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    Fatigue

    Health    Fatigue
    Also called: Tiredness, Weariness

    Everyone feels tired now and then. Sometimes you may just want to stay in bed. But, after a good night's sleep, most people feel refreshed and ready to face a new day. If you continue to feel tired for weeks, it's time to see your doctor. He or she may be able to help you find out what's causing your fatigue and recommend ways to relieve it.

    Fatigue itself is not a disease. Medical problems, treatments, and personal habits can add to fatigue. These include

    • Taking certain medicines, such as antidepressants, antihistamines, and medicines for nausea and pain
    • Having medical treatments, like chemotherapy and radiation
    • Recovering from major surgery
    • Anxiety, stress, or depression
    • Staying up too late
    • Drinking too much alcohol or too many caffeinated drinks
    • Pregnancy

    One disorder that causes extreme fatigue is chronic fatigue syndrome (CFS). This fatigue is not the kind of tired feeling that goes away after you rest. Instead, it lasts a long time and limits your ability to do ordinary daily activities.

    NIH: National Institute on Aging

    Symptoms of Fatigue

    The following features are indicative of Fatigue:
    • feeling of tiredness
    • lack of energy
    References: 1, 2

    Common Causes of Fatigue

    The following are the most common causes of Fatigue:
    • anemia
    • use of alcohol
    • mental stress
    • jet lag or active recreation
    • depression
    • lack of sleep
    References: 1, 2

    Other Causes of Fatigue

    The following are the less common causes of Fatigue:
    • poisoning
    • vitamin or mineral deficiencies
    • chronic blood loss
    • autoimmune diseases
    • cancer
    • chronic fatigue syndrome
    • drug and alcohol abuse
    • depression
    • eating disorders
    • endocrine diseases
    • fibromyalgia
    • Gulf War syndrome
    • heart disease
    • HIV
    • inborn errors of metabolism
    • infectious diseases
    • irritable bowel syndrome
    • leukemia
    • liver failure
    • lyme disease
    • neurological disorders
    • physical trauma
    • sleep deprivation
    • spring fever
    • stroke
    • uremia
    References: 1, 2

    Risk Factors of Fatigue

    The following factors may increase the likelihood of Fatigue:
    • physical activity
    • emotional stress
    • boredom
    • lack of sleep

    Prevention of Fatigue

    Yes, it may be possible to prevent Fatigue. Prevention may be possible by doing the following:
    • get enough sleep every night
    • eat a healthy and well-balanced diet
    • drink plenty of water
    • exercise regularly
    • change or reduce your stressors
    • avoid alcohol, drug and nicotine use
    References: 2

    Occurrence of Fatigue.

    Degree of Occurrence

    The following are number of Fatigue cases seen each year worldwide:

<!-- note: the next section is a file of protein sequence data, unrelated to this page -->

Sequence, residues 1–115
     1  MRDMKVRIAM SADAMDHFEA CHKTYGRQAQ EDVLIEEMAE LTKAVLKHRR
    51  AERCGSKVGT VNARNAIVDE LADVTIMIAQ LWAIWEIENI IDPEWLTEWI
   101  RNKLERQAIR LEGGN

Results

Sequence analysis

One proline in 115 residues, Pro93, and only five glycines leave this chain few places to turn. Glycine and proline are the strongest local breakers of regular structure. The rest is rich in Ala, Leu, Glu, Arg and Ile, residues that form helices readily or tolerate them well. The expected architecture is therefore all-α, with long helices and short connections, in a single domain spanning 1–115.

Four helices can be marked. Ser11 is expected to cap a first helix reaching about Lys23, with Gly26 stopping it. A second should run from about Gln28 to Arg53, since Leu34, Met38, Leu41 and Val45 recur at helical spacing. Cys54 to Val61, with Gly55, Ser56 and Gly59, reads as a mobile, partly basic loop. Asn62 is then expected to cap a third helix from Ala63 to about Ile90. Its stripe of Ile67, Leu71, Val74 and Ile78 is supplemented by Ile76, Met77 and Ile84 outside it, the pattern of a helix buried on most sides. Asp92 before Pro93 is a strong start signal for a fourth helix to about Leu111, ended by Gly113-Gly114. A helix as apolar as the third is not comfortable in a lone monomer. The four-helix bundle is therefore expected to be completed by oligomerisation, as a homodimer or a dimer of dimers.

• Very common > 10 Million cases

    Common Age Group

    Fatigue most commonly occurs in the following age group:
    • Can happen at any age

    Common Gender

    Fatigue most commonly occurs in the following gender:
    • Not gender specific
    References: 1

    Lab Tests and Procedures for Diagnosis of Fatigue

    The following lab tests and procedures are used to detect Fatigue:
    • Physical exam: To diagnose fatigue
    • Blood tests: To check for anemia or infection
    • Urinalysis: To detect the signs of diabetes or liver disease
    References: 1, 2

    Doctor for Diagnosis of Fatigue:

    Patients should visit the following specialists if they have symptoms of Fatigue:
    • Primary health care provider

    Complications of Fatigue if Untreated

    It is not know if Fatigue causes complications if left untreated.

    Self-care for Fatigue

    The following self-care actions or lifestyle changes may help in the treatment or management of Fatigue:
    • Avoid excessive physical activity: Lowers fatigue
    • Adopt healthy eating habits: Reduces the chances of fatigue
    References: 3

    Alternative Medicine for Treatment of Fatigue

    The following alternate medicine and therapies are known to help in the treatment or management of Fatigue:
    • Do yoga or meditation: Relaxes your body and reduces fatigue
    References: 2

    Patient Support for Treatment of Fatigue

    The following actions may help Fatigue patients:
    • Talking with a counselor: Helps in lowering fatigue
    References: 4

    Related Topics - Fatigue

    Questions - Fatigue

    References

    1. Wikipedia Fatigue (medical) https://en.wikipedia.org/wiki/Fatigue_(m...) - Accessed: February 20, 2017.
    2. MedlinePlus Fatigue https://medlineplus.gov/ency/article/003... - Accessed: February 20, 2017.
    3. Mayo Clinic Fatigue http://www.mayoclinic.org/symptoms/fatig... - Accessed: February 20, 2017.
    4. American Society of Clinical Oncology Fatigue http://www.cancer.net/navigating-cancer-... - Accessed: February 20, 2017.
    5. Source: https://medlineplus.gov/fatigue.html

    Last updated date

    This page was last updated on 8/07/2018.
    This page provides information for Fatigue.

    Related Topics - Fatigue

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